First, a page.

This year, two groups of researchers, led by Pinho and Wilkinson, respectively, published some of the most convincing data on that front to date, on yellow-bellied marmots and big brown bats. Both studies scoured the genomes of the little mammals, looking for epigenetic modifications—molecular punctuation marks that annotate stretches of DNA, making them more or less easy to read. These marks get shuffled and more scattered as we age, and researchers have studied them closely enough to read their patterns, almost like tree rings, and determine how far our tissues have progressed along the path to old age. When researchers then compare that with the actual number of years an animal has lived, they can get a sense of whether a creature is, molecularly speaking, particularly spry for its chronological age, says Danielle Adams, a biologist at Towson University who worked with Wilkinson on the big brown bats.

By inspecting marmot and bat genomes at different times of the year, Pinho, Wilkinson, Adams, and their colleagues were able to show that in the winter, the animals’ biological aging effectively stalled, even as they accumulated months of chronological time—then rapidly picked back up in the spring as they roused. The differences in DNA modifications were stark enough between the seasons that they were visible “within six months in the same individual,” says Isabel Sullivan, who was part of Wilkinson and Adams’s team.

Hibernation, to be clear, didn’t manifest just to fill nature with geriatric marmots and bats. Its primary purpose is to rescue animals from almost-certain death during resource-poor and often chilly times of year. “It’s a mechanism for survival, just making it to the next stage,” says Liliana Dávalos, a biologist at Stony Brook University. Maybe it was a happy accident that these freeze-frames also doubled as a fountain of youth.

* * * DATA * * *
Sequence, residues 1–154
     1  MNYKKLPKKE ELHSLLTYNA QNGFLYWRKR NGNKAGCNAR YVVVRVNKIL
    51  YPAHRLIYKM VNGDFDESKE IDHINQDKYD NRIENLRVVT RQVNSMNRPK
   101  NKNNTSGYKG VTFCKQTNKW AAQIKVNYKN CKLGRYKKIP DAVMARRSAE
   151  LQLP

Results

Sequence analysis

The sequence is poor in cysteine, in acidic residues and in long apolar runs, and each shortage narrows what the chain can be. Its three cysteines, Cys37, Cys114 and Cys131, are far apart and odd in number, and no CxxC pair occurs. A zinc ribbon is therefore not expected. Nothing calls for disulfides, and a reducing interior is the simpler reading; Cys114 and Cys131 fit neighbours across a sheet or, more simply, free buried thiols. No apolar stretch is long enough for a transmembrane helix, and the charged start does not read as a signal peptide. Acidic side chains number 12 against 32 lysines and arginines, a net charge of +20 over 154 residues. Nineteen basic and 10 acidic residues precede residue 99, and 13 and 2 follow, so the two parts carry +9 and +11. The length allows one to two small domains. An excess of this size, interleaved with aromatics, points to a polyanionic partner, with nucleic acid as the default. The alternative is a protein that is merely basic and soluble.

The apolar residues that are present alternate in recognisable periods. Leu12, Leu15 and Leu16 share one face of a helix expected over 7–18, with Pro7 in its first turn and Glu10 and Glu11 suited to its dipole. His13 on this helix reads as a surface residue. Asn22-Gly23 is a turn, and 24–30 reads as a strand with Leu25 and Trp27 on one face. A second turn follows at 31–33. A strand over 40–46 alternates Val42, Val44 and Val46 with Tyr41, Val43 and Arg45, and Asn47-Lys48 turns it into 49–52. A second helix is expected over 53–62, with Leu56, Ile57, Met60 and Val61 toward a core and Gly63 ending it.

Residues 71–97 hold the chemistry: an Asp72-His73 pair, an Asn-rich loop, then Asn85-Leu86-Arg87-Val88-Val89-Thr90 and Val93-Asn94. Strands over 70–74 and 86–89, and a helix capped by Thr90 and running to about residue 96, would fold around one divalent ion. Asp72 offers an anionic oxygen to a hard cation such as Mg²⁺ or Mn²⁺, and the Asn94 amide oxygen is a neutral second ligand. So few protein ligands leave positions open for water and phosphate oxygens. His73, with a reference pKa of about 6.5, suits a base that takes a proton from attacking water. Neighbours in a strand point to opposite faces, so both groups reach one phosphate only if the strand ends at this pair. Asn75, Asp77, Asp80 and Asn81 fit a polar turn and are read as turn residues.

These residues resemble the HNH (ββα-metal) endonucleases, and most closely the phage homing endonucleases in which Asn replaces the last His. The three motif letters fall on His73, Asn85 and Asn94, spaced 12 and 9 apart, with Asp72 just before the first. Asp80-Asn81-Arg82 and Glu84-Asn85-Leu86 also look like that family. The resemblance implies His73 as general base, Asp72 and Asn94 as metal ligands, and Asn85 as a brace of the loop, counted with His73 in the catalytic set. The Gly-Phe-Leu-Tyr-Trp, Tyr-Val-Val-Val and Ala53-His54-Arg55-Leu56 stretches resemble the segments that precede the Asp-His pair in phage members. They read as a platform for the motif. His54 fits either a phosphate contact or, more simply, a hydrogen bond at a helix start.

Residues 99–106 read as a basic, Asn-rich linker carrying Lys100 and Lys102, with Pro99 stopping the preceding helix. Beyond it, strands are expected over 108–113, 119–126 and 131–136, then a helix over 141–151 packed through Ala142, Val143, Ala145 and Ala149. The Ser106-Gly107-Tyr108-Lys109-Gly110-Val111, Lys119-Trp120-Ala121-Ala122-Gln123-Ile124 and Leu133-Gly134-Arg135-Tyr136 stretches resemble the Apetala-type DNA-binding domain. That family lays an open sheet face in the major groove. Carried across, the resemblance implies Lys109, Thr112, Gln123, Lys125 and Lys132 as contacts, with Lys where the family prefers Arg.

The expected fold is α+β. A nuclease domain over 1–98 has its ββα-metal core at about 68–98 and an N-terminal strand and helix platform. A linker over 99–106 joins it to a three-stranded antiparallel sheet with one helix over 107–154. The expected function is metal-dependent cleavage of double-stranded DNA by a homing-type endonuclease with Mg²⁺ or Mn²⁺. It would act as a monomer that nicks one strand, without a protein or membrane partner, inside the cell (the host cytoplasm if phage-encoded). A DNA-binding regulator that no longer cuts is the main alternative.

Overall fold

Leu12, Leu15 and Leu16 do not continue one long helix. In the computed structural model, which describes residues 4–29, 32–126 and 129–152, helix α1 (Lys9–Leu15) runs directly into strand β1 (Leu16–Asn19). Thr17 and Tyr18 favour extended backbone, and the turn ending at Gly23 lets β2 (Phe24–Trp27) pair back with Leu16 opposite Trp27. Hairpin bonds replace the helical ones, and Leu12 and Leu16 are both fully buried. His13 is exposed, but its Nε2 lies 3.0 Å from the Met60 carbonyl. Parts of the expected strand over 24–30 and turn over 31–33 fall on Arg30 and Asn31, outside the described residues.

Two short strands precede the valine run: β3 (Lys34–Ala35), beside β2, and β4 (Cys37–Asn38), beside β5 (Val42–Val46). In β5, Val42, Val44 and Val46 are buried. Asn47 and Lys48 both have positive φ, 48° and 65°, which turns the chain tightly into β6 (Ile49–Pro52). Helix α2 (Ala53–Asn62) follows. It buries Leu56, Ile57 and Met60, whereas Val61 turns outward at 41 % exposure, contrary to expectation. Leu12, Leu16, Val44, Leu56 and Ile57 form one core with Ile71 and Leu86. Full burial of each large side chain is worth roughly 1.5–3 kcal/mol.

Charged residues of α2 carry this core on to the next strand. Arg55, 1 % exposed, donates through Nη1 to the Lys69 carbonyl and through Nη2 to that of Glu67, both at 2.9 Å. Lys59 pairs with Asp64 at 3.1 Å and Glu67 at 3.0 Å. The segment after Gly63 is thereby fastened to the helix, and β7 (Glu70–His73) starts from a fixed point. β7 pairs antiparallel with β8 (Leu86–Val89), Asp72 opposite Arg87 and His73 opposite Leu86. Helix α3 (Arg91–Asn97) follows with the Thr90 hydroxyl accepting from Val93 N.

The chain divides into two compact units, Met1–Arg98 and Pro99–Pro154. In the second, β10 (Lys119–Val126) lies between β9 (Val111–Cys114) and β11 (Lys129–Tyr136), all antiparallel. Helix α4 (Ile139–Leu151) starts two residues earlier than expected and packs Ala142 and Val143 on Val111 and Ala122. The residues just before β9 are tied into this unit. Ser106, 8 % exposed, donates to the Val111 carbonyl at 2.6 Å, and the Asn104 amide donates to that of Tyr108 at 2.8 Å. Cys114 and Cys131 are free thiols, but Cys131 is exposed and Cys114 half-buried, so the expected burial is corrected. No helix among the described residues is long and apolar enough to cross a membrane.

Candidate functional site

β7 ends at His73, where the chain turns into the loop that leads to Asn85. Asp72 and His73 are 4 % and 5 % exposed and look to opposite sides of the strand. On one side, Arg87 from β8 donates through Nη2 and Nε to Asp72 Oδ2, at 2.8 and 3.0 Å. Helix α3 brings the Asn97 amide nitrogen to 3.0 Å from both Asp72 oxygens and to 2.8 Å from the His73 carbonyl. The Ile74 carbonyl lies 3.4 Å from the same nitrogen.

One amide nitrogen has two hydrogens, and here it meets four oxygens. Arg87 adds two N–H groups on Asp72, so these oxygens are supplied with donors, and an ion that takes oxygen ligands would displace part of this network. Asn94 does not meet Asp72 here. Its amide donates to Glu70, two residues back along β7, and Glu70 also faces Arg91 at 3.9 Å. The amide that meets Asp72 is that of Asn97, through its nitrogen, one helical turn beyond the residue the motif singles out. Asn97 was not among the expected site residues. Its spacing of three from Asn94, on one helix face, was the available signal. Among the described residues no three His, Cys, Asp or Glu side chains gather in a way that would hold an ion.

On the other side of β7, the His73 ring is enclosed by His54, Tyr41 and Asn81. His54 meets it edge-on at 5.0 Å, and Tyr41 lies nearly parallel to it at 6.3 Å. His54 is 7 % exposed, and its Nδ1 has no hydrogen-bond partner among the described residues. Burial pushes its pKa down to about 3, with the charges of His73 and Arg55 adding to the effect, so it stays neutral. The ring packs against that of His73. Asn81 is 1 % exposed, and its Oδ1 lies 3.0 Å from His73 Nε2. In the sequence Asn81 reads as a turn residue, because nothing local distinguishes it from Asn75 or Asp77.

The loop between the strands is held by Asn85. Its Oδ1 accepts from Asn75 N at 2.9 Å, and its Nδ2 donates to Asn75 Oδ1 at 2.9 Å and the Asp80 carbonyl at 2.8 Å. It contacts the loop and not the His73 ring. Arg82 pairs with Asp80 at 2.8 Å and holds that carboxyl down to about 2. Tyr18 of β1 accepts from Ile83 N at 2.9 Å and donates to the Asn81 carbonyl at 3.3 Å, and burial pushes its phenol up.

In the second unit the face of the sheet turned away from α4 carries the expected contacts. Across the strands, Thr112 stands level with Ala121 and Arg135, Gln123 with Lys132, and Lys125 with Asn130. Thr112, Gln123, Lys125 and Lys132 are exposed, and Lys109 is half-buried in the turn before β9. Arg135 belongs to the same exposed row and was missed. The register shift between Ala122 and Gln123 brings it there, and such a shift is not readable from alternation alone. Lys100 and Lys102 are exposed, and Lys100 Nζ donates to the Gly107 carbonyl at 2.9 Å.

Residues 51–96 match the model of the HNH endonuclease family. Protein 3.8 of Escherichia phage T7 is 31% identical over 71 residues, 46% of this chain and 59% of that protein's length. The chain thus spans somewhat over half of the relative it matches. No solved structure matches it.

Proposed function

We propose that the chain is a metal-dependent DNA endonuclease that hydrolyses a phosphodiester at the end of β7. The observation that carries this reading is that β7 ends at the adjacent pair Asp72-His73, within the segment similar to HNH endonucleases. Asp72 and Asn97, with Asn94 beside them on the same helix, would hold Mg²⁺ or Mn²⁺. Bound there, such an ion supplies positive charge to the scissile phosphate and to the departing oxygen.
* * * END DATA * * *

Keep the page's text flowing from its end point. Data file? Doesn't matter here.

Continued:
Humans have other ways of making it through rough winters—we’ve never needed hibernation to survive. But the prospect of mimicking the act still tugs at our brains. It could buy time for emergency surgeries. It could enable far-reaching space travel, keeping astronauts alive ’til they reach their destinations, while largely eliminating the need to pack tons of food. If longevity is a perk as well, some people would likely line up.

Still, “I’d be cautious about saying if we hibernate, we could just double our life span,” Wilkinson said. Plenty of species hibernate and still die at about the age their body size would predict. And as cushy as hibernation might sound, it threatens to exact a tax. While inactive, animals’ brain function fizzles, their weight plummets, and their digestive tract shrivels. They cease nearly all movement, and their reflexes slow, making them easy prey for predators that chance upon them, and raising the risk of their muscles atrophying and their bones demineralizing. The immune system’s potency also ramps way down, making bodies super-susceptible to infection. (That’s one huge reason that droves of bats have, in recent years, been felled by white-nose syndrome, a lethal fungal disease that hits hibernators hard.) Creatures that have evolved to hibernate have also cooked up many strategies to counteract its costs, allowing them to bounce back each spring. Humans, however, have not—which means the toll would be that much greater on us.

Even the prep for hibernation is arduous. In the fall, pre-hibernation squirrels and bears have to eat themselves into a diabetic coma to stockpile several months’ worth of fat. Yellow-bellied marmots, which can hibernate for up to eight months of the year, have just “four to five months to basically double their weight and reproduce,” Pinho told me, condensing their most important tasks into the brief stretches during which they’re awake. (Their offspring, too, must frantically chow down shortly after they’re born, or risk dying in their first winter underground.)

Hibernation can’t guarantee restful slumber, either. Most mammals must rouse themselves—usually once every couple of weeks or so—to eliminate waste, perhaps sip a bit of water, and, ironically, sleep. These wake-ups are massively expensive: “Every single arousal that a squirrel does takes about 5 percent of the energy that it uses over the entire hibernation season,” Ingelson-Filpula, of Carleton University, told me. The etiquette of torpor is also … different. Some male bats will rouse themselves in the dead of winter to have sex with still-dormant females, which may wake weeks later to find themselves toting around a stranger’s sperm.

And then there’s all the FOMO. Hibernation “would be a way to see the world at a future time, and that’s kind of appealing to think about,” Wilkinson told me. “But then you lose the opportunity to see things now.” Tung, too, wouldn’t want to forgo any chance “to watch my parents age or my kids grow.” Hibernation might be thought of as getting as close to death as possible without fully succumbing to it. If that’s indeed the price bats and marmots must repeatedly pay to prolong their years, maybe they aren’t really living that much longer at all.